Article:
Older adults across the globe are more willing to help others
But they will prioritize charitable organizations operating within their own country. As foreign aid budgets are cut, there will be an increasing reliance on global charities. Understanding the giving preferences and inclinations of different age groups could be extremely important in planning campaigns and appeals.
Genetics may control who our friends are
Have you ever met someone you instantly liked? Or disliked? An “unconscious” part of the brain enables us to process information spontaneously and there may be a biological basis behind this instantaneous compatibility reaction.
Why firms find collaboration between national divisions difficult
In our globalized world, cooperation between citizens of different countries should actually be a matter of course. But around the world, people prefer to cooperate with their own fellow citizens rather than with foreigners.
Rats prefer to help their own kind; humans may be similarly wired
In human science terms, this is the study of the week. If you want to have genuine collaboration in an organization, you have to find ways to increase the sense of commonality on which belonging depends—to get the right brain areas working with the right reward mechanisms.
Confirmation: Gossip is good
By exchanging information with others, gossip is a way of forming relationships. It involves trust and facilitates a social bond that is reinforced as further communication takes place. To the human mind, the chit chat before and after a meeting is far more important that the “topic” or “purpose” of the meeting.
Helpful behavior during pandemic tied to recognizing commonality
Identification with a wider sense of community, as opposed to identification with a geographic area like a country or town, predicts whether someone will engage in “prosocial” behaviors particular to the pandemic, such as donating their own masks to a hospital or coming to the aid of a sick person.
Empathy may be in the eye of the beholder
Empathy is often portrayed as a desirable personal quality, but what happens if you show empathy for a white nationalist, or "anti-vaxxer"? Is empathy a social signal that shows what you stand for?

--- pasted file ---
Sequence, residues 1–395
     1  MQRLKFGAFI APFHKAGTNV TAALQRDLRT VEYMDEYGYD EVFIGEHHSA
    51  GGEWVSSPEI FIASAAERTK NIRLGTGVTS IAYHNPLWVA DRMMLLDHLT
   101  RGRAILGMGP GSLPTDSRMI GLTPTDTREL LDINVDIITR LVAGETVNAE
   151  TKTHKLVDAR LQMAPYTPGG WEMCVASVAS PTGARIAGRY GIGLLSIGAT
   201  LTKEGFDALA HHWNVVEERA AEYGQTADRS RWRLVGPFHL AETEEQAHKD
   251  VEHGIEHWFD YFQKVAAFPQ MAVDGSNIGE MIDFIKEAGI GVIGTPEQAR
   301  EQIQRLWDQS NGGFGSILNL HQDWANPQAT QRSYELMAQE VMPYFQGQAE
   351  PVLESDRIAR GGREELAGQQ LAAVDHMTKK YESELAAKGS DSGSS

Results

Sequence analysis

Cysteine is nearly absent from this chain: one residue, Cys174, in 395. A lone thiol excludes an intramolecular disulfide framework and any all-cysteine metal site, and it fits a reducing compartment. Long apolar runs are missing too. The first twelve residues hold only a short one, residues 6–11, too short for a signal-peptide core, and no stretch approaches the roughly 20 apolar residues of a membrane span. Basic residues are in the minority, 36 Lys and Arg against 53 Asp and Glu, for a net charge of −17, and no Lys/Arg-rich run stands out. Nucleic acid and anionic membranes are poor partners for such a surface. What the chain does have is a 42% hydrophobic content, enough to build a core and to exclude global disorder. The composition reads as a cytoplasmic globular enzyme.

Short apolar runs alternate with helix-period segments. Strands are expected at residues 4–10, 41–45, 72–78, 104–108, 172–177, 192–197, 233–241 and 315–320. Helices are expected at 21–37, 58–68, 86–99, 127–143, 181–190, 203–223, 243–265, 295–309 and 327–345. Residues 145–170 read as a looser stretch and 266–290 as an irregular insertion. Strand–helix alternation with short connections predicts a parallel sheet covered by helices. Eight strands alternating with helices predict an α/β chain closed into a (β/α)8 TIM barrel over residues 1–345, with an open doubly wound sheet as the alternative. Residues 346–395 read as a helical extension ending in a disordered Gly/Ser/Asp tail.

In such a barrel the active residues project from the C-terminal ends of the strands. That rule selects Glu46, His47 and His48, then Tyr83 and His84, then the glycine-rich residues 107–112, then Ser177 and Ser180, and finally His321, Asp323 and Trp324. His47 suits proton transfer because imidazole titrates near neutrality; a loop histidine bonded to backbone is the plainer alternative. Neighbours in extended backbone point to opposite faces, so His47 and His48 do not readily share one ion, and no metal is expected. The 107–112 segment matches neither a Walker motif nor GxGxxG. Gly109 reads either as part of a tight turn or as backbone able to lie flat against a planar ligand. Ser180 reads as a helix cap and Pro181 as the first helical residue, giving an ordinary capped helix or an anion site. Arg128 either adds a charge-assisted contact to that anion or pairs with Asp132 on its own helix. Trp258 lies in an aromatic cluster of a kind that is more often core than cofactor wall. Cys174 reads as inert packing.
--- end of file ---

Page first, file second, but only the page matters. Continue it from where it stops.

Romantic partners influence each other's goals
When one person within a couple avoids distress and conflicts, the other tries to do the same. And conversely, when one person seeks personal growth and meaningful experiences, the other wants to achieve them too.
Defiance and low trust in medical doctors related to vaccine skepticism
A new study shows people who react negatively to rules and recommendations have lower trust in medical doctors and a more negative attitude towards vaccines. This reflects falling trust in all areas of life—in corporations, in politicians, in the professions, in leaders of all kinds.
For people in diverse areas, community identity supersedes racial, ethnic differences
People can adapt to being in quarantine, or living in a neighborhood with different people. What probably disrupts this process, however, are divisive political leaders who purposefully try to agitate or polarize and exaggerate the differences between people.
Anxious about COVID-19? Your future offspring can be affected.
One of the things we know for sure about the current pandemic is that it has created a vast amount of stress, fear and anxiety. Just the things that the human system hates most (along with change).
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